You won’t need any additional special licenses or permits to start a home-based business in Idaho. Any license or permit you would need would not be any different from those required if you were starting the same business at a commercial location. For instance, if you plan to sell or lease a product or service, you’ll need a seller’s permit. You may require a professional license. It doesn’t change by conducting business at your home.

The areas in which you’ll need to be the most careful are those involving any licenses or permits required by your local communities. Pay attention to zoning regulations. For instance, there may be certain areas of the city in which you can’t run certain home-based businesses. You may not be able to erect a sign outside or inside your home alerting the public to your business. You may need to acquire a home occupancy permit to establish a business in some of those cases.

Every local community has different rules and regulations. Make sure you know the ones for your local community before starting your home-based business.

Step 8: Maintain your Idaho licensing

Your first step with licenses and permits is discovering which ones you need to start your business. The next step is ensuring you know how often they need to be renewed.

Some licenses, like the state’s seller’s permit, don’t need to be renewed after you acquire one. Some licenses and permits need to be renewed on an annual or a biannual basis. For example, if you run a pawn broker’s shop in Idaho Falls, your permit costs $50 and needs to be renewed annually.

Forgetting to renew licenses and permits can have serious consequences. You could face penalties or fines and your business could be temporarily or permanently closed. We can help you avoid this with our Worry-Free Compliance service. This service will alert you of upcoming filing requirements such as license renewal and annual report requirements and will help you submit these filings on time.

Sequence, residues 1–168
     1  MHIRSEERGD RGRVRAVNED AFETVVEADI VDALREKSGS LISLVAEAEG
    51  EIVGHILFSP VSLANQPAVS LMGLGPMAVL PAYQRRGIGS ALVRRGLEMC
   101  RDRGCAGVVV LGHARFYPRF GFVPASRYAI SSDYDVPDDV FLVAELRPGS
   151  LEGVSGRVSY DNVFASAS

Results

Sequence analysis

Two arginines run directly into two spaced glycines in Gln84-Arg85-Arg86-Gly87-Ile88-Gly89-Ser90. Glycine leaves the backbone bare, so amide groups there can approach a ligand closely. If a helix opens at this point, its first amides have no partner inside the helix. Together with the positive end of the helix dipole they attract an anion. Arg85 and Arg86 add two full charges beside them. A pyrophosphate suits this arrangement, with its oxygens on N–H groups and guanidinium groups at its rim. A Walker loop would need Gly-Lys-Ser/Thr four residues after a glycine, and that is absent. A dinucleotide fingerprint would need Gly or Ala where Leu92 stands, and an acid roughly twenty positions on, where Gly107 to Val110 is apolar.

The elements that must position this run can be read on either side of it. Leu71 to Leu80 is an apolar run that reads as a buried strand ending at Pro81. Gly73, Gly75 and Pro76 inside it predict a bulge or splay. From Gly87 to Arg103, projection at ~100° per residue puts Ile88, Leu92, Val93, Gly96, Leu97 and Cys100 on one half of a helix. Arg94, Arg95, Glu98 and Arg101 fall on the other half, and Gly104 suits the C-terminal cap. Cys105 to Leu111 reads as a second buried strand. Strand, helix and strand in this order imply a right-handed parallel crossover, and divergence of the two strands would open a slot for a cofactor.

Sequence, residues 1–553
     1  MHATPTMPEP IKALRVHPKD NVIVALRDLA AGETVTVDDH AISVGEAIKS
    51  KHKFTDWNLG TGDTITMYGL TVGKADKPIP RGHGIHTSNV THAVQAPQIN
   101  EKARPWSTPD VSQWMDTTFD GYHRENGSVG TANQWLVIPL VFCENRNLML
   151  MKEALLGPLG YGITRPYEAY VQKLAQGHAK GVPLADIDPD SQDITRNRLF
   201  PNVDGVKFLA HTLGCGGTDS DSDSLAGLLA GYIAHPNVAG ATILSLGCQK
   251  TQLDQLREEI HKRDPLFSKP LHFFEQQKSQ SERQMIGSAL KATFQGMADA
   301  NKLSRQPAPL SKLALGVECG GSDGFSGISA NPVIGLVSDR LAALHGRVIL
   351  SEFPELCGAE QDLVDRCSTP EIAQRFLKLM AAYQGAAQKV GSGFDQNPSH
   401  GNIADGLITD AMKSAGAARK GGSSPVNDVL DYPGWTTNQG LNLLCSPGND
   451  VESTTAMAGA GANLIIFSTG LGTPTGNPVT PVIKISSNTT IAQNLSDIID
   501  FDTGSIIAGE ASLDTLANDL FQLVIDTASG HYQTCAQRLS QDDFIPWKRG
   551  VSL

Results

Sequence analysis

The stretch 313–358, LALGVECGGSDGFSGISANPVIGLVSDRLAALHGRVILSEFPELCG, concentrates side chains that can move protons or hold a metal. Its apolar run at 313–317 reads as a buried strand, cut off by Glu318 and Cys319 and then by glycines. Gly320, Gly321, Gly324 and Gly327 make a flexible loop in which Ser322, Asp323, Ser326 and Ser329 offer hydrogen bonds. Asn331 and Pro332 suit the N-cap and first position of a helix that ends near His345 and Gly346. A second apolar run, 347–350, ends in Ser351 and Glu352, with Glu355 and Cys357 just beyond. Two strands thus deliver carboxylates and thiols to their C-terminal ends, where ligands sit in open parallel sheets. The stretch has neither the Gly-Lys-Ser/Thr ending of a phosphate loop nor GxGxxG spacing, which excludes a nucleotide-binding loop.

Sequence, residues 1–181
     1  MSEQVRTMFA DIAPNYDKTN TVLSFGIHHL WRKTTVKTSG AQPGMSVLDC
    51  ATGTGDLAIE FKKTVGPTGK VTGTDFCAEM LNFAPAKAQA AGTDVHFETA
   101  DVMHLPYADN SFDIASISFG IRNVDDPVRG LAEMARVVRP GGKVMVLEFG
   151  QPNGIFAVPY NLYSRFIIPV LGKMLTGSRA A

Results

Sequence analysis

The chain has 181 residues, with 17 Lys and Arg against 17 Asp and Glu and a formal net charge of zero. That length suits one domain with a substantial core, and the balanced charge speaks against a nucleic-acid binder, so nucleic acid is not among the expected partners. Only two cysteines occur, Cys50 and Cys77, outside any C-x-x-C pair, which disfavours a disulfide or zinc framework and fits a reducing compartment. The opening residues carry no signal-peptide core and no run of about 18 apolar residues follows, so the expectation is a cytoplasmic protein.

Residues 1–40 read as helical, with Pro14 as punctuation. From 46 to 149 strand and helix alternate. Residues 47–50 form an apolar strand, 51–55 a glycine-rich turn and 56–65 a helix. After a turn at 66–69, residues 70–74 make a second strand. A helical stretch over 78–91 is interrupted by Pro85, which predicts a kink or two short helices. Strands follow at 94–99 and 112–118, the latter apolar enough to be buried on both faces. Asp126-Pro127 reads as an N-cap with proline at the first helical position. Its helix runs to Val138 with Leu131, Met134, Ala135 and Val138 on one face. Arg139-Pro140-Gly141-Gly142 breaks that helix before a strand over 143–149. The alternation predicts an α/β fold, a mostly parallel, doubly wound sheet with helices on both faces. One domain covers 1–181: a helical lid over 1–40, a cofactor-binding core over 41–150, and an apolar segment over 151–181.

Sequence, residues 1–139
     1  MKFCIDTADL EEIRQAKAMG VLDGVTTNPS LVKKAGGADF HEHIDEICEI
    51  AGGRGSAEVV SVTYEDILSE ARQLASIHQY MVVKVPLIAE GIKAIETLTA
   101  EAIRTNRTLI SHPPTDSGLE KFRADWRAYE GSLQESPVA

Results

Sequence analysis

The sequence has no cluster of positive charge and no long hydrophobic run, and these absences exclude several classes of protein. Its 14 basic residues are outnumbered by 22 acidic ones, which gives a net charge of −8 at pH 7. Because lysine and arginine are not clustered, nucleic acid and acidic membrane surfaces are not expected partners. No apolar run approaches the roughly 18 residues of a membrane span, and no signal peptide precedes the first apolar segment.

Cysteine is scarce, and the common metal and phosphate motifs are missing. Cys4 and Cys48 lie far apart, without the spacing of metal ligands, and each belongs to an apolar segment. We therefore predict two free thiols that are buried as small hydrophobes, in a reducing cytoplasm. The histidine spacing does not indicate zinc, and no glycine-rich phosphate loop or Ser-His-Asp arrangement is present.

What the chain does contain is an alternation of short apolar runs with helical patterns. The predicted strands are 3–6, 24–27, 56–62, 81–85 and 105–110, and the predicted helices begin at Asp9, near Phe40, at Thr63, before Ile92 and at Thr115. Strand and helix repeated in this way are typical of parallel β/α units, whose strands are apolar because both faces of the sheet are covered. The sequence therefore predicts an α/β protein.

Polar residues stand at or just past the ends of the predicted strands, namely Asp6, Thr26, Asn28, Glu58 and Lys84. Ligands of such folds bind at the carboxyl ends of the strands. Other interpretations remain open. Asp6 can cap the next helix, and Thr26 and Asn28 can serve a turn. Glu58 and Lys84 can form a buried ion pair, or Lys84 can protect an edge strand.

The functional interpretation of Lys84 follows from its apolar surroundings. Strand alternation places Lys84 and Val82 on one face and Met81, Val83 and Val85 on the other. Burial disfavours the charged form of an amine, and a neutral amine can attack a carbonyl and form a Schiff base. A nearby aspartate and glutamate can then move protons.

We can help keep your Idaho business state-compliant and running smoothly

As you can see from the article above, hunting down all the various licenses and permits that you’ll need to operate your business in Idaho is a time-consuming and potentially frustrating process. And if you miss one permit or license, it can have serious consequences. With our Business License Report and our Worry-Free Compliance service, we can help make sure your Idaho business starts off and stays legally compliant. From formation on, we are here to support business owners throughout the lifecycle of their business.


  • Do all Idaho businesses need a license?

    Idaho doesn’t have a General Business License. If you plan to sell or lease any product or service, however, you’ll need to apply for a seller’s permit, also known as an Idaho Business Registration. The permit is free and once you receive one you do not need to renew it. If you have more than one location, each one requires a seller’s permit, but you only need to apply once to cover all your locations.

  • Can you sell things without a license in Idaho?

    No, you cannot sell or lease a product or service in Idaho without first applying for a seller’s permit.

  • Is it legal to run a business from home in Idaho?

    Yes, it is legal to run a business from your home in Idaho. You’ll be subject to the same permit and license regulations as a commercial outlet. You may also require additional licenses or permits from your local government. There may be restrictions on where you can base your home business and what kind of business you can run from your home.

  • What kind of license do I need for an online business in Idaho?

    There’s no special license required to run an online business in Idaho. Any licenses or permits that you would require are the same ones you would need if you were running a brick-and-mortar business. If you plan to sell or lease any product or service, you’ll need a seller’s permit.

  • Do I need a license to collect sales tax in Idaho?

    Yes, you need to apply for a seller’s permit before you can collect taxes in Idaho.